The chapter starts with song lyrics about secrets and lies of the past, from Tom Waits’ song “Tango Til They’re Sore.” During his first night in Lakeside, Shadow dreams that he is a child who has been kept in darkness and away from humans his entire life. A woman comes to get him from his cage and takes him out to a bonfire, where the child laughs with the happy crowd that has gathered. The woman then sacrifices the child. Shadow wakes up hungry and cold, unable to remember details about his dream except a sense of misery and darkness.
The Tom Waits lyrics call attention to the fact that there are secrets and lies in Lakeside’s past, no matter how nice it seems on the surface. Shadow’s dream is also a dark omen, an later suggested to be a vision of Hinzelmann’s origins. Yet Shadow does not remember, and so is not on guard in Lakeside.
Shadow decides to walk in to the town center, knowing that it will be cold but hoping he can walk fast enough to keep himself warm. He goes outside, thinking of Low Key’s stories about winter in Minnesota where it was cold enough that a man’s urine would freeze before it hit the ground. Shadow thought it was only ten minutes to the town center, but he keeps walking without seeming to get any closer to the bridge over the lake that leads into town. He is so cold that he has lost all feeling in his hands and feet, but has no choice but to keep walking. A cop car passes and asks if Shadow needs help, and all Shadow can do is shiver.
Low Key had been almost entirely absent from the novel since Shadow left prison. His reappearance in Shadow’s thoughts here is a subtle reminder to not forget about this character. Lakeside has already proven to be dangerous, as it is cold enough to kill Shadow if he walks much further. It is only the help of a person that saves Shadow. Clearly, it is the people that make Lakeside such a good place, not the location.
The cop pulls over and tells Shadow to get in and get warm. Shadow climbs in the back, trying not to think about the last time he was in the back of a cop car. The cop chatters about how cold it is, then introduces himself as Chad Mulligan. Chad offers to drive Shadow anywhere he needs to go today, starting with breakfast. Shadow notes the stark beauty of Lakeside in winter, wishing that he could see it in its summer glory. At breakfast Shadow eats a pasty, a meat pie originally brought to Michigan by Cornishmen, while Chad arranges for Shadow to buy a car from one of the families in town. As Chad outlines the plan for getting Shadow groceries, warm clothes, and the keys to the car, Shadow asks why the police aren’t busy with crime. Chad answers that Lakeside is such a good town that there are rarely any issues that require police intervention.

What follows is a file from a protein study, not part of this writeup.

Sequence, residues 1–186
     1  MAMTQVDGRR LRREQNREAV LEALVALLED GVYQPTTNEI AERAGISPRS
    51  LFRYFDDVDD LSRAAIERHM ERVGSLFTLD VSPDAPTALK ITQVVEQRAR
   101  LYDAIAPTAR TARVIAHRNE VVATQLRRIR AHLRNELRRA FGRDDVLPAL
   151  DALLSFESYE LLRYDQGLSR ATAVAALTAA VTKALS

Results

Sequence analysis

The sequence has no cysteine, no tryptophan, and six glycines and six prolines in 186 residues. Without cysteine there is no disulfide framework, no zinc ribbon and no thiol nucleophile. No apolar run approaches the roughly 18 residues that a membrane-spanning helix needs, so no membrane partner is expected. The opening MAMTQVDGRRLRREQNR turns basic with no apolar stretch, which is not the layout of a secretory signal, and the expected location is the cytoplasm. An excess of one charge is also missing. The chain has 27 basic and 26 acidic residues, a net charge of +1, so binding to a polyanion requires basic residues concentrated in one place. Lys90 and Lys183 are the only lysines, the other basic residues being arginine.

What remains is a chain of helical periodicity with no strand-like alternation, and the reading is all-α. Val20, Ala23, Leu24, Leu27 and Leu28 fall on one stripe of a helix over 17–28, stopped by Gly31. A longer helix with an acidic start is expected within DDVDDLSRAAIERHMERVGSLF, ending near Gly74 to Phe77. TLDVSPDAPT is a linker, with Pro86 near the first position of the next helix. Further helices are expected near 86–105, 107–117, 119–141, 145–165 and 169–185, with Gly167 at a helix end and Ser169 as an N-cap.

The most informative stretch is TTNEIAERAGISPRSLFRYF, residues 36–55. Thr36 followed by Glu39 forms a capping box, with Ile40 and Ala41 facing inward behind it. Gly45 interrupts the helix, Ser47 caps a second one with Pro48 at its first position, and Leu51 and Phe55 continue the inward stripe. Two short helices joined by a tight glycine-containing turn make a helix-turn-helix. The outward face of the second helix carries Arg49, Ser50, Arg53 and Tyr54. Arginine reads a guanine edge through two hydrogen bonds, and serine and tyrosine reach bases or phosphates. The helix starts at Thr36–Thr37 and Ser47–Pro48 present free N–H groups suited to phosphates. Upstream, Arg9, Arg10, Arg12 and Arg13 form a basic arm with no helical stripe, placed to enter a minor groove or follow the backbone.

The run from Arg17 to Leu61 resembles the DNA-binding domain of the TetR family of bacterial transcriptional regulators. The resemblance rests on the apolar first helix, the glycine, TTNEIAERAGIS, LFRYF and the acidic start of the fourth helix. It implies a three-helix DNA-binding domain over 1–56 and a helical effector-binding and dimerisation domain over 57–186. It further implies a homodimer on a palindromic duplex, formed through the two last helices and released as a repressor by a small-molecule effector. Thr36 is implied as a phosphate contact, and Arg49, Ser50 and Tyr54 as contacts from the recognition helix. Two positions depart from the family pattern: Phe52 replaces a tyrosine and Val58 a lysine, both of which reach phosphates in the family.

Shadow still has an interesting relationship with the law, not always doing the right thing legally but usually doing the right thing by his moral code. Yet Chad treats Shadow with nothing but kindness, not the suspicion that Shadow usually receives. This, and the fact that Chad is completely free to act as chauffeur for Shadow, are another reminder that Lakeside is not a normal place. Shadow notices its stark beauty, a reminder that the majority of Shadow’s story so far has taken place in winter – a “dead” season where very few things grow. In order for Shadow to grow as a person, he must reach spring.
Chad takes Shadow to get clothes and groceries, introducing Shadow to everyone they meet as Mike Ainsel. Shadow explains that he works for his “uncle,” naming Wednesday as Emerson Borson and pretending that he has a normal life. Chad and Shadow go to pick up a car for Shadow from Mrs. Gunther, a used Toyota 4Runner that the Gunthers’ son had painted a horrific shade of purple. Shadow drives back to his apartment, deciding that he likes living here where everyone is so nice.